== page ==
Fire on the other hand… although I didn’t find Fire and Brigan quite as brilliantly fascinating as Katsa and Po, this is one of the best YA books I’ve ever – well, listened to. I love the way Cashore sets up a fantastical situation and then really explores how it might affect a person. The moral dilemmas facing Fire are intense and not easily resolved.

The way sexuality is treated is fantastic — Fire completely owns hers, and it doesn’t control her. She has no trouble separating sex and love — or for that matter, affectionate love and romantic love. As an unwitting object of intense desire, she has clear ideas of who the right person for her would be, and she finds it in someone whose love is unselfish and not possessive. I often give YA books I’ve read to my teenaged niece, and I have no particular qualms about giving her romances, but I don’t think I’ve read a book that made me think, yes, yes, my niece must read this. All teenaged girls should read this. Make that all teenagers.


TBR Challenge: The Lotus Palace by Jeannie Lin

The theme: Series catch-up. Well, I read this one because I need to read the sequel… close enough.

What tickled me: Scarlet Pimpernel hero!

What ticked me off: There were a few missing scenes I really wanted to see.

Who might like it: Anyone who loves romance novels. The trappings may be different, but it’s all there.

I requested The Jade Temptress from NetGalley and then realized it was a sequel, so I borrowed this one from the library. How lovely to read a book primarily because it leads to another book, and then be dying to get to that next one when you finish! (I immediately bought my own copy of The Lotus Palace. Didn’t hurt that the ebook is on sale — ending today, btw.)

Yue-ying’s soul-destroying life in a brothel ended when her freedom was purchased by the famously lovely and witty courtesan Mingyu. Few notice that she is just as beautiful as her mistress, because they don’t see past the large red birthmark on her face. But the supoosedly foppish fool Lord Bai Huang notices. Yue-ying hasn’t been trained to be witty and captivating like Mingyu — she’s honest and straightforward. To Huang, she’s “clever, engaging, imperfect and intriguing,” the most real person in a life that is “no more than a layer of lacquer and paint.”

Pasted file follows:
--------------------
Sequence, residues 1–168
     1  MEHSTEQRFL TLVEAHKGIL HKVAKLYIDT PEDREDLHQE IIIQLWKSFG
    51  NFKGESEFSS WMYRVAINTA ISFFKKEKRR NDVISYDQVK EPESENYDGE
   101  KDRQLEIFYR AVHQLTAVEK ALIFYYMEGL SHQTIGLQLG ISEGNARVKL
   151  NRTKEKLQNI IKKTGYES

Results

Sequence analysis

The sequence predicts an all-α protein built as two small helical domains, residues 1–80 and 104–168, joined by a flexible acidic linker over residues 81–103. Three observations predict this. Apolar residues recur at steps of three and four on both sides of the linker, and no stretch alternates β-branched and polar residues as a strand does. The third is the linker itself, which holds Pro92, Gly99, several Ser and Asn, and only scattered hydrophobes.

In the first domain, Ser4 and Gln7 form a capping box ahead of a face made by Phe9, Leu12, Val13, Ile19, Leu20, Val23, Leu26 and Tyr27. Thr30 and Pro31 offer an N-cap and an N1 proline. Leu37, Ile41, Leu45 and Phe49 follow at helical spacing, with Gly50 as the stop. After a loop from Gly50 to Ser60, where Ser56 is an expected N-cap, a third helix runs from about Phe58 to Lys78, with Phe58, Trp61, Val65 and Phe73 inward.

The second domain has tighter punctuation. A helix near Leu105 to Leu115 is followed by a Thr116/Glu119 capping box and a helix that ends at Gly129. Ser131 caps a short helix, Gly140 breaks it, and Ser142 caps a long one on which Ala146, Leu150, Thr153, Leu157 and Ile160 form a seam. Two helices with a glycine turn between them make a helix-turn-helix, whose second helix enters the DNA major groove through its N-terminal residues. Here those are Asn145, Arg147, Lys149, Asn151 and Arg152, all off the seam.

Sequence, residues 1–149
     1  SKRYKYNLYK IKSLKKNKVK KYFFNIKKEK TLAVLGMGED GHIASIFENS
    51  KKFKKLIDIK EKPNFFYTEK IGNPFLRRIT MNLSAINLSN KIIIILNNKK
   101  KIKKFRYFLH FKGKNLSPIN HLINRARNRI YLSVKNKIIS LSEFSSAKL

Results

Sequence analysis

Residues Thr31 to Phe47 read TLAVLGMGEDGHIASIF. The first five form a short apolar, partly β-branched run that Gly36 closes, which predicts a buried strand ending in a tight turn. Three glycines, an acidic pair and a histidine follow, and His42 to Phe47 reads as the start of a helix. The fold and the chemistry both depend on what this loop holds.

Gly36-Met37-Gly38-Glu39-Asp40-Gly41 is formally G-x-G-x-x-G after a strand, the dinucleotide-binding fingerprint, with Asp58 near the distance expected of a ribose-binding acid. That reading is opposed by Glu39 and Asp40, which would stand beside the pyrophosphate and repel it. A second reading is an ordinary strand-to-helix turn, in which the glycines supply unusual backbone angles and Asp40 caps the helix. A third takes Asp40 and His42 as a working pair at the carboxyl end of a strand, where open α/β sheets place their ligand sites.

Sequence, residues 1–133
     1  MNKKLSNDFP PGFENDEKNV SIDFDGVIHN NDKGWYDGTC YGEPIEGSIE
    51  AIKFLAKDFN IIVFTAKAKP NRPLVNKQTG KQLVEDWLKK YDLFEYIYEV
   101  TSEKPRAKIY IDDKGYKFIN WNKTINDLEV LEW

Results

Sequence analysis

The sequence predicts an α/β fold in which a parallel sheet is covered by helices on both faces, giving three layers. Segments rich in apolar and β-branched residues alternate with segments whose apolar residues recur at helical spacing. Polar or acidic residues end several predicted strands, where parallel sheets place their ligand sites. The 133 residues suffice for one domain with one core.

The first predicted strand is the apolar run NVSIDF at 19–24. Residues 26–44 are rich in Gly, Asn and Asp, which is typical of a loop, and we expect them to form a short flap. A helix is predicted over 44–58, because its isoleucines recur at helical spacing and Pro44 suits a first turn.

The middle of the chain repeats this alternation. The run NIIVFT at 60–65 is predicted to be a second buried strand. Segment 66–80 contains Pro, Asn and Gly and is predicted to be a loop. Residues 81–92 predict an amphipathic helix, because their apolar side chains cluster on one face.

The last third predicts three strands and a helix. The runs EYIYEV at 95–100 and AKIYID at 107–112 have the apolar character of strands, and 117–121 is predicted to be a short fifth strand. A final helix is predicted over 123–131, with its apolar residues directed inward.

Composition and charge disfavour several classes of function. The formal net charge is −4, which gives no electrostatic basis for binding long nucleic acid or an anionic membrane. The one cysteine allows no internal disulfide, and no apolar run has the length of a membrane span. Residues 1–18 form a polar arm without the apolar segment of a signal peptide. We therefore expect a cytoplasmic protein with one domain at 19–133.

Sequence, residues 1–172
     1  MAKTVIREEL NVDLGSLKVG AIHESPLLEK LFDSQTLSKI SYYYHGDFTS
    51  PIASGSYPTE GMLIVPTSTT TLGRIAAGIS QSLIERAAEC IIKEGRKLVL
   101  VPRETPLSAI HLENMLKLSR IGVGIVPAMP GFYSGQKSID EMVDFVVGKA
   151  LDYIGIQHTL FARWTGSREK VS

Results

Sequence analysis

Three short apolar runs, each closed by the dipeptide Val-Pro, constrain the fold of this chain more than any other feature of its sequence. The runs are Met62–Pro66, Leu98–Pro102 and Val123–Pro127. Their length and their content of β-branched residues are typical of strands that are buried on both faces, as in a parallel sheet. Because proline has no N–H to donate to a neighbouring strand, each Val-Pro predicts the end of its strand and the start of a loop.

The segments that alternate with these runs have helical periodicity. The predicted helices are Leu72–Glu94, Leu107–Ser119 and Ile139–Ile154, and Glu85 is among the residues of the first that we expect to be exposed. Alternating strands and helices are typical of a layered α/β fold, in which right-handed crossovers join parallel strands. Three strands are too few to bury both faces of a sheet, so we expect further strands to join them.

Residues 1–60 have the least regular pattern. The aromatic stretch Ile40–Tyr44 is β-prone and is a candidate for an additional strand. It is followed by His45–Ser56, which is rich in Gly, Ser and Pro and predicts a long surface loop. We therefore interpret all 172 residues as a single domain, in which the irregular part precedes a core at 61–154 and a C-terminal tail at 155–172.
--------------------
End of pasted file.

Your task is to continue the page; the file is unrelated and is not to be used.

When another noted courtesan is murdered, Huang has his own reasons for becoming involved, but he also uses the situation as an excuse to get close to Yue-ying. The story is partially about the murder, a mystery very entrenched in the setting and time period, and partially about the difficulties of love between a lord and a former prostitute in that time and place.

Their first hurdle — one of many — is the fact that Yue-ying has never had sex of her own choosing, never even had a kiss she wanted. This leads to one of the most achingly painful and realistic sex scenes I’ve ever read. Yue-ying doesn’t react with overt terror, as some abused heroines do, but despite all Huang’s gentleness and care, she can’t be present.

“Her flesh pulled tight beneath his touch, her nipple peaking. Though her blood warmed, her mind remained cold. The two halves of her couldn’t find one another.”

I love that we see Huang’s point-of-view when things start going right for them — because he could tell that something was wrong — but I missed seeing Yue-ying’s as well.

Something about The Lotus Palace reminded me of favorite books I read as a teen, like those by Elizabeth Peters and Agatha Christie. I’m not sure if that’s the setting, the mystery element, or if it’s just that reading it took me back to when I was a different kind of reader, more apt to read widely and immersively. I enjoyed that nostalgia, and the skillfully crafted setting, but it was the beauty and depth of the characters and their feeling for each other that really got me. I had some trouble following the mystery — likely my own fault, because I wasn’t that interested — and the ending is perhaps happier than is really believable, but who cares when you’re swooning?

Possibly I enjoyed this all the more because I had started it like someone taking a medication — well, this probably won’t be what I like, but it’s good for me! — and found that in fact, it’s exactly what I like. A –